Why does the district exclude the Town of Whitehall itself? There are many opinions on why the district excludes the town of Whitehall, but let's look at the facts.

In 2015 a petition was placed before the Town of Whitehall's residents to join the JVRAD as service provided area. As many probably remember, the feelings towards this petition were mixed. The petition was put forth by the now defunct Friends of the EMS and overseen by attorney Catherine Dinwiddie, as well as the then-current county attorney Matthew Johnson.

In a conversation with Dinwiddie, she expressed that there are three different ways to go about creating an ambulance district: 1) the County has their own resolution to create a district, 2) a petition with a 25% threshold of agreed voters is collected and put forth to the County Commissioners or 3) an election to create the district is held with a 50% threshold of agreed voters. The Friends of the EMS chose the petition route because they felt, at the time, it was the quicker solution to the immediate problem of not having an ambulance service.

"The petition, which went through two sets of legal eyes, was completely legal," Dimwiddie said, and the petition would have been successful in creating the district if the number of signatures required were obtained. However, because of negative feelings and misinformation, the petition failed within the Town of Whitehall boundaries. Hence, the district was created excluding the Town of Whitehall. At no time did the town move forward with voting.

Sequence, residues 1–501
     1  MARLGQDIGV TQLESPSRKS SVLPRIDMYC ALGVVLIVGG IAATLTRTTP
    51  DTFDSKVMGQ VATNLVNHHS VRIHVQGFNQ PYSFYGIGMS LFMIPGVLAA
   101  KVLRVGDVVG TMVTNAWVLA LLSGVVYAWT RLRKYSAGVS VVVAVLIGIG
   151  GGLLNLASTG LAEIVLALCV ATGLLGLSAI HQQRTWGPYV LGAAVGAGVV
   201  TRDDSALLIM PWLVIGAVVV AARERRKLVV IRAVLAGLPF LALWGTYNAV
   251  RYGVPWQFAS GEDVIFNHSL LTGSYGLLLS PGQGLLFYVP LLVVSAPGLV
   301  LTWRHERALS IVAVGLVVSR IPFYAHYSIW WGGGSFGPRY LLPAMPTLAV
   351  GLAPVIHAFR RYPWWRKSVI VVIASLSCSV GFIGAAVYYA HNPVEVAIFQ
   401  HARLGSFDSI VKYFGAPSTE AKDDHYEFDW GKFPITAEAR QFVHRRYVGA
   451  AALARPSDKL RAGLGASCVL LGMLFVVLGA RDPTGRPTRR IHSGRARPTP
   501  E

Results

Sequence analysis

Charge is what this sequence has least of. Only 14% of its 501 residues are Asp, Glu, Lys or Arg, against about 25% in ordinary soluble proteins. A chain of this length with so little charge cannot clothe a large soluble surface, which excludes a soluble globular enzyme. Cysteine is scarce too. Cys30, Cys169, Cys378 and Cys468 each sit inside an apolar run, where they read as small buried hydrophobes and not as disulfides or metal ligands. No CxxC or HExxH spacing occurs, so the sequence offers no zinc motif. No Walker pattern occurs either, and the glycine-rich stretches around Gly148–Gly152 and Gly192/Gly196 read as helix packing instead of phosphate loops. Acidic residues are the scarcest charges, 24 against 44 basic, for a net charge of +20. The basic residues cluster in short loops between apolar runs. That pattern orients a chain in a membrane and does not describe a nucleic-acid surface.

Town of Whitehall employee Summer Fellows (now former as she no longer resides in the state), when interviewed, expressed concern that the petition was not legal, as it was left at public places – such as the Post Office – where no representative of JVRAD was on hand to physically collect the signatures. Dimwiddie said that the petition being left in public areas was legal, as it is the responsibility of the County Election Officer to verify all signatures for validity. Fellows iterated that she has a responsibility in her job to make sure that the People's voice is heard and that she felt the petition was not in the best interest of the townspeople as the information was not clear; she also stated she is not necessarily against the district's creation, but more against how it has been handled. This sentiment has been expressed by many others close to the Town government and by townspeople themselves.

Mayor Mary Hensleigh agrees that the original petition was not laid out clearly and created tensions during a time when emotions were high – as the Town had recently pulled out of the ambulance contract – and believe the voters did not sign because they did not understand their options.

"I've personally had amazing experiences with the JVRAD and [their contracted services] with Pulse in dealings with my parents. Their service is top notch, they are compassionate – I was impressed with the professionalism of their service and we are lucky to have them," Hensleigh said. She noted that because people were thinking with their hearts and emotions instead of looking at the facts, this is probably what lead to the results garnered.

Part II of this article series will cover what the district DOES and DOESN'T do, as well as how it benefits those within it.